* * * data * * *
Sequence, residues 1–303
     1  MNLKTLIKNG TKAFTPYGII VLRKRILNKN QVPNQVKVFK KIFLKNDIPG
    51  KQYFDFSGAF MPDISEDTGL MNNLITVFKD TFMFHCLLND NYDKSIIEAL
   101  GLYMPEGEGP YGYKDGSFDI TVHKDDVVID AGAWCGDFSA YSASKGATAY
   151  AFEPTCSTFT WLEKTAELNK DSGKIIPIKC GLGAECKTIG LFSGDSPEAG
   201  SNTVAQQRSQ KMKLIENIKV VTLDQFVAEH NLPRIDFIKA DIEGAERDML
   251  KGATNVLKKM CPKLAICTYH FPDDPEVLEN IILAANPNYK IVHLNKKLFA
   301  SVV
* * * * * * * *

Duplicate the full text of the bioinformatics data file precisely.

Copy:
Sequence, residues 1–303
     1  MNLKTLIKNG TKAFTPYGII VLRKRILNKN QVPNQVKVFK KIFLKNDIPG
    51  KQYFDFSGAF MPDISEDTGL MNNLITVFKD TFMFHCLLND NYDKSIIEAL
   101  GLYMPEGEGP YGYKDGSFDI TVHKDDVVID AGAWCGDFSA YSASKGATAY
   151  AFEPTCSTFT WLEKTAELNK DSGKIIPIKC GLGAECKTIG LFSGDSPEAG
   201  SNTVAQQRSQ KMKLIENIKV VTLDQFVAEH NLPRIDFIKA DIEGAERDML
   251  KGATNVLKKM CPKLAICTYH FPDDPEVLEN IILAANPNYK IVHLNKKLFA
   301  SVV